Built in 1868, this example of mid-19th century architecture is one of the oldest homes on its original foundation with its original exterior.
On April 9, 1898, two residents of this home, Marcel and Mary Lambeau, gave birth to their first child, Earl "Curly" Lambeau. Curly went on to star in football at Green Bay East High School, located just 5 blocks from this spot. He then briefly attended Notre Dame University in 1918, scoring the first touchdown ever for Motre Dame's first year football coach, Knute Rockne.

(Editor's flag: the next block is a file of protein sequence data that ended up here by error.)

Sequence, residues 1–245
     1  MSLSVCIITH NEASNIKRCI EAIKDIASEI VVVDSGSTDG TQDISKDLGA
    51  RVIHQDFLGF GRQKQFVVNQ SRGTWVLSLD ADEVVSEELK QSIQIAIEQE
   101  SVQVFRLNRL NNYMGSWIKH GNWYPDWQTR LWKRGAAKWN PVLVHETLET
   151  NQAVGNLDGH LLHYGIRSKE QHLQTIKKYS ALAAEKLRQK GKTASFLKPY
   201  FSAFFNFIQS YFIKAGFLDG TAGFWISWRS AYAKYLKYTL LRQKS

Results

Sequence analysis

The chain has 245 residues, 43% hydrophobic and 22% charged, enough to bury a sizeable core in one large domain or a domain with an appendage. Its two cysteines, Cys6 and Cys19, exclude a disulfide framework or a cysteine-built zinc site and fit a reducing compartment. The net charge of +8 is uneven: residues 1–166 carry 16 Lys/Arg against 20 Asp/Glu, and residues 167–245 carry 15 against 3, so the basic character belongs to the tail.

In August 1919, Curly and George Calhoun co-founded a football team that became the Green Bay Packers. Chosen as captain before the first practice, Lambeau played for the Packers through 1929 and coached them through 1949. He won a record six NFL championship, including a record three straight from 1929 - 1931. Both records remain unsurpassed.
Lambeau died on June 1, 1965. Shortly thereafter, Lambeau Field, the longest continually occupied NFL stadium, was named after him. Lambeau Field is widely regarded as the most famous venue in the National Football League.